Many earlier Radical feminists believed that reproduction was at the root of women's oppression and that we would be emancipated if we could free ourselves from "the tyranny of reproduction" (Mandel, p.33). At that point in time, "Technology was viewed as liberating women" (Mandel, p.33). Things have changed since those days, and today the more popular consensus is that technology is not the liberation Radical feminists thought it would be. Instead of freeing women, our bodies are simply being controlled by men in even greater capacities in the areas of in-vitro fertilization, artificial insemination and other technological methods of reproduction by predominantly male doctors and scientists. (Mandel, p.33). This, however cannot be said for all Radical feminists. According to Tong, there are two main streams of Radical feminism, which hold very different beliefs on almost every subject from pornography to womenıs reproduction. These two streams are Radical-Libertarian feminism and Radical-Cultural feminism. In the following section I will briefly look at how these two sub-categories of Radical feminism view reproductive technologies.
According to Tong, Radical-Libertarian feminists tend to hold the Radical feminist views of the 1960's and 1970's. They often argue that women's reproductive capabilities and sexual roles and responsibilities serve to oppress them in a patriarchal society, and limit their ability to be full human persons. They long for androgyny and hence embrace reproductive technologies as they can help women escape from the chains of motherhood and childbirth. "As we shall see, radical-libertarian feminists are convinced the less women are involved in the reproductive process, the more time and energy they will have to engage in societyıs productive processes." (Tong, p.71) A prominent theorist in this area is Shulamith Firestone who insisted "nothing will change for women so long as natural reproduction remains the rule and artificial or assisted reproduction the exception. Natural reproduction is neither in women's best interests nor in those of the children produced." (Tong, p. 73) For further reading on Shulamith Firestones' theories on reproductive technology and how motherhood and childbirth are the root of women's oppression see her book, The Dialectic of Sex.
This group of feminists sees femaleness as empowering and therefore believe women should embrace the values traditionally associated with femininity such as community, sharing, and body to name a few. Radical-cultural feminists see women's power to create new life as the ultimate source of our power and believe it is in womenıs best interests to procreate naturally. To take this power from a woman and put it in the hands of doctors and scientists via reproductive technologies is to strip women of our power and to continue to make us vulnerable to men's power. Radical-cultural feminists theorize that women's oppression is not caused by female biology and reproductive possibilities but rather by men's jealousy of women's reproductive abilities and their desire to control them through new reproductive technologies. Michelle Stanworth discusses what she thinks of reproductive technologies,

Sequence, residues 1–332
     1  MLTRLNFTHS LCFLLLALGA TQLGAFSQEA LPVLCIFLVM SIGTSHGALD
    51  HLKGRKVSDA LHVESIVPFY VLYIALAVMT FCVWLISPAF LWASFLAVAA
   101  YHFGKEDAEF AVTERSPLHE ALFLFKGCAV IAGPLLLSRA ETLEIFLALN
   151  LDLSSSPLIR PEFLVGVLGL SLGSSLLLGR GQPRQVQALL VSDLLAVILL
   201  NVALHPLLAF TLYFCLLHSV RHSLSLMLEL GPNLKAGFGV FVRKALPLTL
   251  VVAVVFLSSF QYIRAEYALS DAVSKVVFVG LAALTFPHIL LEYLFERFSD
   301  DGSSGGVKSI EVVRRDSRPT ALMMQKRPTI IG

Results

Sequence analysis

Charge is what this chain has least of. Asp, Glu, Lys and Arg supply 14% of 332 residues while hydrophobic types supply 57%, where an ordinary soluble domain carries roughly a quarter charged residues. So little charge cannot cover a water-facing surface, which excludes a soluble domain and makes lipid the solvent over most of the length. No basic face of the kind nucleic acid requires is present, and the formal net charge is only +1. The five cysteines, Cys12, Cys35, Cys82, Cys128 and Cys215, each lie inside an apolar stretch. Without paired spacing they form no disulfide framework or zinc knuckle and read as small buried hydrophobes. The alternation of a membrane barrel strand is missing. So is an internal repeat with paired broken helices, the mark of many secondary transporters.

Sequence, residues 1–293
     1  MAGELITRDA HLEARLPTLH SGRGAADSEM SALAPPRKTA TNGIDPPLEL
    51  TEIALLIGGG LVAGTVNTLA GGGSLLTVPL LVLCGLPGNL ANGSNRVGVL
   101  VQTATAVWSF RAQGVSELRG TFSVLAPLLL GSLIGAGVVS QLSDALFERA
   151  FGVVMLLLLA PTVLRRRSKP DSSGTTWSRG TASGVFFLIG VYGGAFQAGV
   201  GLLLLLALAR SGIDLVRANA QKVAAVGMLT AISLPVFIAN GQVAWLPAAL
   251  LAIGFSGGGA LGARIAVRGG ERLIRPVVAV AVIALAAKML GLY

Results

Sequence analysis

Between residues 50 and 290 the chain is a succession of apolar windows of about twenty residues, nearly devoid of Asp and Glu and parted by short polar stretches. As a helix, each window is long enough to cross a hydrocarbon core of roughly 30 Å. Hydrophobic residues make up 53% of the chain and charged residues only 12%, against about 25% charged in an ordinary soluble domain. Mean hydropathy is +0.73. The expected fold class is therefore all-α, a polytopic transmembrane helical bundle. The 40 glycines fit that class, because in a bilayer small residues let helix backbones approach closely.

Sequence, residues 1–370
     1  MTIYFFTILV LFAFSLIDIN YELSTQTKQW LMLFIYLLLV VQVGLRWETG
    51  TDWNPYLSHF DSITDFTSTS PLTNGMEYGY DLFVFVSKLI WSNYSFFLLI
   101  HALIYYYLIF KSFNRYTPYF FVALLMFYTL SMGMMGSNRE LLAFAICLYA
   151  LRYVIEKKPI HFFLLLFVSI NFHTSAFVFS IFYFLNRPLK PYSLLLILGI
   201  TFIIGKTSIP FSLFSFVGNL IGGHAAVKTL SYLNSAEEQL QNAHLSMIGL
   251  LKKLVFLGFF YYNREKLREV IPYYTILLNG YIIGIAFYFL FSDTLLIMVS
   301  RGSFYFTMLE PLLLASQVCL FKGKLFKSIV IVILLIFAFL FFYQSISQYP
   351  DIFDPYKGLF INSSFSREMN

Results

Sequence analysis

"By manipulating eggs and embryos, scientists will determine the sort of children who are born will make themselves the fathers of humankind. By removing eggs and embryos from some women and implanting them in others, medical practitioners will gain control over motherhood itself. Motherhood as a unified biological process will be effectively deconstructed: in place of 'mother' there will be ovarian mothers who supply eggs, uterine mothers who give birth to children and, presumably, social mothers who raise them. Through the eventual development of artificial wombs, the capacity will arise to make biological mothers redundant. Whether or not women are eliminated, or merely reduced to the level of reproductive prostitutes, the object and effect of the emergent technologies is to deconstruct motherhood and to destroy the claim to reproduction that is the foundation of women's identity." (Weedon, p.49)
One of the critiques of this perspective is that it supposes that motherhood is at the centre of a woman's life, it is a place where she finds her idsentity as a woman. We know this is not the case for all women, not all women long to be biological mothers and not all women have the physical abiility to bear children. Are women who are unable to reproduce therefore not women at all? This type of radical feminism thinking can be clearly linked to ecofeminism which places women's identities in their biological bodies.